I have coffee setup, meetings set up for before I even land in the country where the event is. And I’ve done this several times. So if you’re going to start on Twitter, make sure your bio is great, and then think about, okay, what do I want to be known for? What do I want people to think of when they think of my name? Are they going to think of me “Oh, that’s the expert that talks about this.” You need to figure out what your personality’s going to be. And then you figure out, okay, who do I want to connect with now? And a really easy way for all of the people listening to this to get started on Twitter is follow me. Say to me, I heard you on Gene’s podcast and I’ve really enjoyed your podcast or whatever, and then tell me who you would like to connect with.
And I will tag people that you might want to connect with because that’s what I do and that’s why I’ve been so successful is because I connect people. I connect the dots. So if you need to connect with dancers or something, or if you need to connect with plumbers or carpenters, I can actually point you in the right direction of where those people are. And then going to their followers and see who they’re talking to and you will start, if there’s someone you want to have a coffee with, I have a list called social media and coffee.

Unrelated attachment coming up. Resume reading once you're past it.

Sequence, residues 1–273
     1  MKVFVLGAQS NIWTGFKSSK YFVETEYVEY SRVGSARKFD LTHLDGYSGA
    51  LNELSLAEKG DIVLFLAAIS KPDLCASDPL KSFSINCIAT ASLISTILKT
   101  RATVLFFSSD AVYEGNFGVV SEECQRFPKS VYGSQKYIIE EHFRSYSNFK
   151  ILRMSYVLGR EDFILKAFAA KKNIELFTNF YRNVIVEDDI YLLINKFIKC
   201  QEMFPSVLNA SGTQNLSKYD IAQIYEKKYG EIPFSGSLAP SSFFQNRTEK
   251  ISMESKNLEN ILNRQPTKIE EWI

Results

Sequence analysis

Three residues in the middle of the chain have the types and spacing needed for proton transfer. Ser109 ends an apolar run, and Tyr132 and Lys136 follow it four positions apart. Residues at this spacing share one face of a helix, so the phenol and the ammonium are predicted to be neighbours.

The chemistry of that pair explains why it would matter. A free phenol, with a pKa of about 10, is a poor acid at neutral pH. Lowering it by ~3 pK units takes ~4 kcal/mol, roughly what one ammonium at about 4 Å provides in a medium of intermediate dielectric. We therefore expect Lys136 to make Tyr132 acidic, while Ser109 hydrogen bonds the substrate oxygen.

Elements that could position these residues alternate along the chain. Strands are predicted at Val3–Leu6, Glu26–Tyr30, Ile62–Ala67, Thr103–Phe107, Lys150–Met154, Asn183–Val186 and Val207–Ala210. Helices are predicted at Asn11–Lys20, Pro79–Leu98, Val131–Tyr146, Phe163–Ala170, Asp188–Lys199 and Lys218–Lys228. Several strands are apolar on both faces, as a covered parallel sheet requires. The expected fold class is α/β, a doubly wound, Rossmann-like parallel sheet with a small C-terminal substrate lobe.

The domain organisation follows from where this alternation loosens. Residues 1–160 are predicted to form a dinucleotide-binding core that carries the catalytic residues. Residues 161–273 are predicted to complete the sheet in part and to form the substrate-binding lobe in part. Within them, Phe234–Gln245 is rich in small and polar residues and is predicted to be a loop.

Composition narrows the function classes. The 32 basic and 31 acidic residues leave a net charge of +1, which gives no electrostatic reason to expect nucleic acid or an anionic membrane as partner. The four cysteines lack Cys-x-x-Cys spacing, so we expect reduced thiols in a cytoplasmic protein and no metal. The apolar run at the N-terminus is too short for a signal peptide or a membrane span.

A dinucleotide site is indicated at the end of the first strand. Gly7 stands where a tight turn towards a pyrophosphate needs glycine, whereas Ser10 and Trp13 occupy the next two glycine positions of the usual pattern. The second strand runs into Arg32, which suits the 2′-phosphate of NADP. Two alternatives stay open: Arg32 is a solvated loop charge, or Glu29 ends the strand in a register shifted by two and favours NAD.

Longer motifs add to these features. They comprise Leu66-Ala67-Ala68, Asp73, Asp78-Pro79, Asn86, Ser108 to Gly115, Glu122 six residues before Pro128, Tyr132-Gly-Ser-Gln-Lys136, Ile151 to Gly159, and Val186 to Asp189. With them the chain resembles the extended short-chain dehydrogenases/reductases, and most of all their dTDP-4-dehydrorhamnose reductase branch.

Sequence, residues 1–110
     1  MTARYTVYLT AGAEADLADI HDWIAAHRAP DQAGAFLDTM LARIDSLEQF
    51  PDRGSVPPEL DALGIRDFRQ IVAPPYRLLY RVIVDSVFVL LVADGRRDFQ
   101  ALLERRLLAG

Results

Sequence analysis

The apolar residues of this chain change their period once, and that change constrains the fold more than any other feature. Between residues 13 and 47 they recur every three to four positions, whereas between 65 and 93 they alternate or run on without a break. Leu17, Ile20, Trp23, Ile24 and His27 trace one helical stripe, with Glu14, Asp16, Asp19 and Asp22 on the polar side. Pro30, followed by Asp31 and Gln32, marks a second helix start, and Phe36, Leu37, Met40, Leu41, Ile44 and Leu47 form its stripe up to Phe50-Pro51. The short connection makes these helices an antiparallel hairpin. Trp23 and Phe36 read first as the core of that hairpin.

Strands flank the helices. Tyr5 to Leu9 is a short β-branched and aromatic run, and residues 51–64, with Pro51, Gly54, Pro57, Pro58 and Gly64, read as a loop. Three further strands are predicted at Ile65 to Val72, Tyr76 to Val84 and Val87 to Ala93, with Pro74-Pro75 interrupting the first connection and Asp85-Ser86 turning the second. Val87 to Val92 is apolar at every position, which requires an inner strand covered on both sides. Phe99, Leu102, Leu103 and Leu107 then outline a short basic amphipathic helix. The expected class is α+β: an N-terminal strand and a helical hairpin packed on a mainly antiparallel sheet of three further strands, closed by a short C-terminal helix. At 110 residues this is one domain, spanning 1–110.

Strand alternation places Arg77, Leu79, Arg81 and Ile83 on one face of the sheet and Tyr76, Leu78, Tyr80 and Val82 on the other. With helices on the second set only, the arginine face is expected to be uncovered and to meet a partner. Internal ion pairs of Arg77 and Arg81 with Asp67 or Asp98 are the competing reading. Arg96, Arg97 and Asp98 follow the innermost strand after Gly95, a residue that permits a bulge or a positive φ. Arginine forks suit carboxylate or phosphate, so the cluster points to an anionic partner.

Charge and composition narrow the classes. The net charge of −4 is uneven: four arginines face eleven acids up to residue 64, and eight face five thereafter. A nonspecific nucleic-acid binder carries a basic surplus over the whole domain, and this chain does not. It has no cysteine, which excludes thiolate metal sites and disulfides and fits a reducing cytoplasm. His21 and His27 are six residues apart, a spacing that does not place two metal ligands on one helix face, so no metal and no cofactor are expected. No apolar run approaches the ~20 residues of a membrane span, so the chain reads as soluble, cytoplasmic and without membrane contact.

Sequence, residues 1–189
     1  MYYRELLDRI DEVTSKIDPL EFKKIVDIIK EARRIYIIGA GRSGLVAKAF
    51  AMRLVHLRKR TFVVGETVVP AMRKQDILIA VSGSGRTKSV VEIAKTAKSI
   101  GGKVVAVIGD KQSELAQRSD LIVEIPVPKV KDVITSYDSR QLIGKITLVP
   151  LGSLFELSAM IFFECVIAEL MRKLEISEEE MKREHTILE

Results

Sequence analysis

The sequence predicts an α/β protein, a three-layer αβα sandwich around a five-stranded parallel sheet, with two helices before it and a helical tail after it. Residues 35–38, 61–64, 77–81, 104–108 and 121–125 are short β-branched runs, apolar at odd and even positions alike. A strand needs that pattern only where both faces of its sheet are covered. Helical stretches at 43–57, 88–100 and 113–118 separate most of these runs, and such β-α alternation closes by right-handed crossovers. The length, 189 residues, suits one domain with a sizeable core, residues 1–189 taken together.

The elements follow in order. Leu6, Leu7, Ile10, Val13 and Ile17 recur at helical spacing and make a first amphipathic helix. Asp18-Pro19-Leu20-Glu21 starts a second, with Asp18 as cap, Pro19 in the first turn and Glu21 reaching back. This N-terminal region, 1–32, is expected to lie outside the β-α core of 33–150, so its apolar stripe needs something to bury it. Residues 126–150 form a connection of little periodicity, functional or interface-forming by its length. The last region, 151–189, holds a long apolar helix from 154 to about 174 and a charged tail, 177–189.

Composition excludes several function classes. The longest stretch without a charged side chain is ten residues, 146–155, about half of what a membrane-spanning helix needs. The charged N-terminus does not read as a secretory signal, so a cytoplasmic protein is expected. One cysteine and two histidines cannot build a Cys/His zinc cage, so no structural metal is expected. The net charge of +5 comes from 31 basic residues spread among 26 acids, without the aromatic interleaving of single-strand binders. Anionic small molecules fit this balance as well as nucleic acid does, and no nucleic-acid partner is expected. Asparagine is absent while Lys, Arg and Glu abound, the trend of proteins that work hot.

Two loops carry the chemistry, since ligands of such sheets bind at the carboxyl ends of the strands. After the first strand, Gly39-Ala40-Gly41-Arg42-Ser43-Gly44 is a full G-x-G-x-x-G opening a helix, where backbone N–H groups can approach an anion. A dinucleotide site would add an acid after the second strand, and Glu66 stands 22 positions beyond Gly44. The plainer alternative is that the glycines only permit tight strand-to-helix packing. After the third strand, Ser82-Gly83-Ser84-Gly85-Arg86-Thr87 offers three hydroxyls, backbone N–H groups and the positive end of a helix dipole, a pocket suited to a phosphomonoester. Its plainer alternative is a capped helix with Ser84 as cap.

You can even go into my lists and have a look. I’ve left it open. It’s not a private list. I also can build a list of leads, so if I do get people who are commenting and saying, “I really enjoyed that blog post, I’d be very interested in one of your workshops just not now.” I put them on the list. I don’t call the list leads, I call it something else.
Gene: You bring up the topic of lists, which is good. Now sometimes I have lists which are mostly private, but that’s a really good piece of advice. I mean if I wanted to be a connector to others, say I am a manufacturer and say I do have preferred vendors or preferred partners that I work with, I could create a list of those people, make it public so that anybody that follows me can also have access to that list as well. And would have that benefit as being one of my followers.
Sam: Yes. Well you don’t want to give away all your…
Gene: Proprietary information.